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An evolutionary threat-management approach to prejudices - ScienceDirect
Source: www-sciencedirect-com.myaccess.library.utoronto.ca
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Article summary:

1. Prejudices are products of adaptations designed by natural selection to manage fitness-relevant threats and opportunities faced by ancestral populations.

2. Different prejudices come in different affective flavors, as functionally different threats lead to psychologically distinct prejudices.

3. Prejudices are sensitive to context and functionally flexible in their application, being elicited especially when contextual cues connote vulnerability to threat.

Article analysis:

The article "An evolutionary threat-management approach to prejudices" provides an overview of the key insights that have emerged from an evolutionary approach to the psychology of prejudice. The article argues that prejudices and related phenomena are products of adaptations designed by natural selection to manage threats and opportunities faced by ancestral populations. While this framework has generated many novel, nuanced, and empirically supported predictions regarding the specific contents of prejudices, categories of people who are likely to elicit these prejudices, and contexts within which these prejudices are either more or less likely to be evoked, it also has some potential biases.

One potential bias is that the article focuses solely on evolutionary explanations for prejudice while neglecting other factors such as socialization, culture, and individual differences. This narrow focus may lead readers to overlook the complex interplay between biology and environment in shaping human behavior.

Another potential bias is that the article assumes a universal human nature without considering cultural variation in attitudes towards different groups. For example, while the article suggests that men and women differ in why they are prejudiced against outgroup men, it does not explore how these gender differences might vary across cultures.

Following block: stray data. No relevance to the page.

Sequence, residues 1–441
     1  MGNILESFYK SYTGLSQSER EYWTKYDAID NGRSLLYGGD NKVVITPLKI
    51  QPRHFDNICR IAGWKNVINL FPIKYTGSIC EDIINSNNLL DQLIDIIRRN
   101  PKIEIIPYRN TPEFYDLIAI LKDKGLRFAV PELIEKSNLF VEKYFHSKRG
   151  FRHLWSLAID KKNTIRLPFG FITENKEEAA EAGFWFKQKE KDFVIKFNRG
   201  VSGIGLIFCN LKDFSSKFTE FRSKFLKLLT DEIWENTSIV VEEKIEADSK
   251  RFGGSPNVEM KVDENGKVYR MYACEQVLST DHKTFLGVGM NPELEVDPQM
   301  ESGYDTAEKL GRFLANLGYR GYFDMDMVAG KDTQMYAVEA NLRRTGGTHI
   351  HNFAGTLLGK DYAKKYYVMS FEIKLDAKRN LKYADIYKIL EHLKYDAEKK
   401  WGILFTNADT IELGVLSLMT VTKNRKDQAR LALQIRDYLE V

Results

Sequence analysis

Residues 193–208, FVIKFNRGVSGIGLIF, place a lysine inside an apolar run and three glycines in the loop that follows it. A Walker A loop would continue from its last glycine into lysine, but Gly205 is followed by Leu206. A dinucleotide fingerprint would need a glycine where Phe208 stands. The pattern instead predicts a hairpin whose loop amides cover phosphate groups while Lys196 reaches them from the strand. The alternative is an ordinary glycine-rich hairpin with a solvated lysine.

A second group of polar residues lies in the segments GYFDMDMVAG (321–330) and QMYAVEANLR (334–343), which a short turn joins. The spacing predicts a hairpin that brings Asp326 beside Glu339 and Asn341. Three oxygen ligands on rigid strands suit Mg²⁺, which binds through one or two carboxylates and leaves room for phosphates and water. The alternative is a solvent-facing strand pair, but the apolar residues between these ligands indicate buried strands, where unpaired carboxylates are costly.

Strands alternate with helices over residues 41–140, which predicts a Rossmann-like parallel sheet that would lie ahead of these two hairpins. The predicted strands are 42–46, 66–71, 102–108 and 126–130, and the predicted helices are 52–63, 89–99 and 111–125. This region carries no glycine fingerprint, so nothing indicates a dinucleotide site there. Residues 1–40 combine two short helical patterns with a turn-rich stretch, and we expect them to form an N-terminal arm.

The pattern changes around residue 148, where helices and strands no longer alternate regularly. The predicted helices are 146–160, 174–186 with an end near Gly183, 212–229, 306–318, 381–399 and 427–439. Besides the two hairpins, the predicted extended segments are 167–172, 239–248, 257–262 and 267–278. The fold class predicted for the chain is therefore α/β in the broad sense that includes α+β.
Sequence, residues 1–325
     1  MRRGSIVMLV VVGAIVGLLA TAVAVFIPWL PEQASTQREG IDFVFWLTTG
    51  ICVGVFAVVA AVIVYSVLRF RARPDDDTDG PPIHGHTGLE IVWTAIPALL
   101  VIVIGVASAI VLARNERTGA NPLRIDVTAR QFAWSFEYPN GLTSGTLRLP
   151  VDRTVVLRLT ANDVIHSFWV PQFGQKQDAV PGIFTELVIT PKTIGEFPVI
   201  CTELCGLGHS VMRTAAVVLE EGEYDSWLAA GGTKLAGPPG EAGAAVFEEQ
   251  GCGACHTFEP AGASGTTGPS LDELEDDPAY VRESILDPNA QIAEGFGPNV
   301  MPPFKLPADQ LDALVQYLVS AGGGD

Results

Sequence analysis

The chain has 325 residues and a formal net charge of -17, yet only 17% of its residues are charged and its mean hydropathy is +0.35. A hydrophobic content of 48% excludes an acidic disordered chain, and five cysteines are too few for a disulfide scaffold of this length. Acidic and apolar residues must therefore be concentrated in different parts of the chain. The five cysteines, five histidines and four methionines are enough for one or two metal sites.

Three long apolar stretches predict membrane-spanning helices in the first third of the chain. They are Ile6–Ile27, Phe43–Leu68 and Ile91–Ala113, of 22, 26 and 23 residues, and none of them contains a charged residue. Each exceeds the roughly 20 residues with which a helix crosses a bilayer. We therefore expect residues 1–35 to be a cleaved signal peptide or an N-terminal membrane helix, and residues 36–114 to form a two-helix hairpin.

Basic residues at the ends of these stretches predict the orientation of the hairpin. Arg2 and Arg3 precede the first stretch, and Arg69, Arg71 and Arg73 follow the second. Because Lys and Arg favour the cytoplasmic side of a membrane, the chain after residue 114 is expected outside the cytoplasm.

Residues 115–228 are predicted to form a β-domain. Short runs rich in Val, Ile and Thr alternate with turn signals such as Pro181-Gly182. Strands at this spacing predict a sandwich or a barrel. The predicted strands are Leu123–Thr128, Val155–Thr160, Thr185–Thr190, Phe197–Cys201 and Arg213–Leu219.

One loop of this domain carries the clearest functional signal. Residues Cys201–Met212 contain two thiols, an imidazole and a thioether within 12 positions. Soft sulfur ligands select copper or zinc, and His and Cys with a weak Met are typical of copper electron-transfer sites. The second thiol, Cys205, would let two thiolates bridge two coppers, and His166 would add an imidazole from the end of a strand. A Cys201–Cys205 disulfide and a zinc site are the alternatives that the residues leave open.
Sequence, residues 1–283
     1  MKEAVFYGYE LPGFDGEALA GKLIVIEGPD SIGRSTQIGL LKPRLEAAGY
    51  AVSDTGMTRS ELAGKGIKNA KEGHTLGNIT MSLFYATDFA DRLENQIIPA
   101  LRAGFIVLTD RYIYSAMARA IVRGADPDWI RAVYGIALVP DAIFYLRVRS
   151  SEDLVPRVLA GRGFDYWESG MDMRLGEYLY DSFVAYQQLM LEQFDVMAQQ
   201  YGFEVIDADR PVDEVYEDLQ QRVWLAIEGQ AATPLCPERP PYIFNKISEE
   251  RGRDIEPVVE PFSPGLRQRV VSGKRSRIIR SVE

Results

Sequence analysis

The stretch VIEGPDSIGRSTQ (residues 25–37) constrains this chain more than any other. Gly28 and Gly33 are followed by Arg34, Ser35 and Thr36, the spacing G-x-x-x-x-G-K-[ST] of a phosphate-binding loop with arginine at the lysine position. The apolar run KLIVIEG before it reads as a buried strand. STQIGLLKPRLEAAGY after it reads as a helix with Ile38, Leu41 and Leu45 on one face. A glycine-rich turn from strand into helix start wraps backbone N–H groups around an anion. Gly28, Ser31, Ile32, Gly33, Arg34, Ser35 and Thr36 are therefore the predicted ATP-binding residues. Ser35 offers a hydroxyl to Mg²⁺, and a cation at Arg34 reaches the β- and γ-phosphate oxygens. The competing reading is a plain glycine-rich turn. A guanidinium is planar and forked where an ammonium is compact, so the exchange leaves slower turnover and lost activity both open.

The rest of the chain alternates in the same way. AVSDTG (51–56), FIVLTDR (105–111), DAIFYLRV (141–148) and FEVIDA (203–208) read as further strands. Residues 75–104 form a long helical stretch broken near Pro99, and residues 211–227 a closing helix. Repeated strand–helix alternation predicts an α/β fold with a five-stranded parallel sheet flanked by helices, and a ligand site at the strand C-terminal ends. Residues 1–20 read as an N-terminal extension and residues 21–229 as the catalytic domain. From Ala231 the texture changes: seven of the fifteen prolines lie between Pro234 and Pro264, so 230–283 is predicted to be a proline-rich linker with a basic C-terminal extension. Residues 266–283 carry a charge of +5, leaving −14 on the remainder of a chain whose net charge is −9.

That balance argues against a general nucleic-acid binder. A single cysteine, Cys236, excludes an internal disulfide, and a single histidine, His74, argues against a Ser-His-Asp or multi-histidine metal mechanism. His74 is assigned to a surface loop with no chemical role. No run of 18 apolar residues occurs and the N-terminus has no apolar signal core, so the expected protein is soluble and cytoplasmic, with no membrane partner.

The article also makes some unsupported claims such as suggesting that contemporary prejudices are typically viewed as outcomes of psychological adaptations 'designed' by natural selection without providing evidence for this claim. Additionally, while the article acknowledges that people generate many false alarms when responding to potentially threatening cues, it does not explore how these false alarms might contribute to harmful stereotypes and discrimination.

Furthermore, the article presents a one-sided view of prejudice as primarily driven by threat management mechanisms without exploring alternative explanations such as social identity theory or cognitive dissonance theory. By presenting only one perspective on prejudice, the article may oversimplify a complex phenomenon.

Overall, while the evolutionary threat-management approach provides valuable insights into the psychology of prejudice, it is important to consider its potential biases and limitations when interpreting its findings.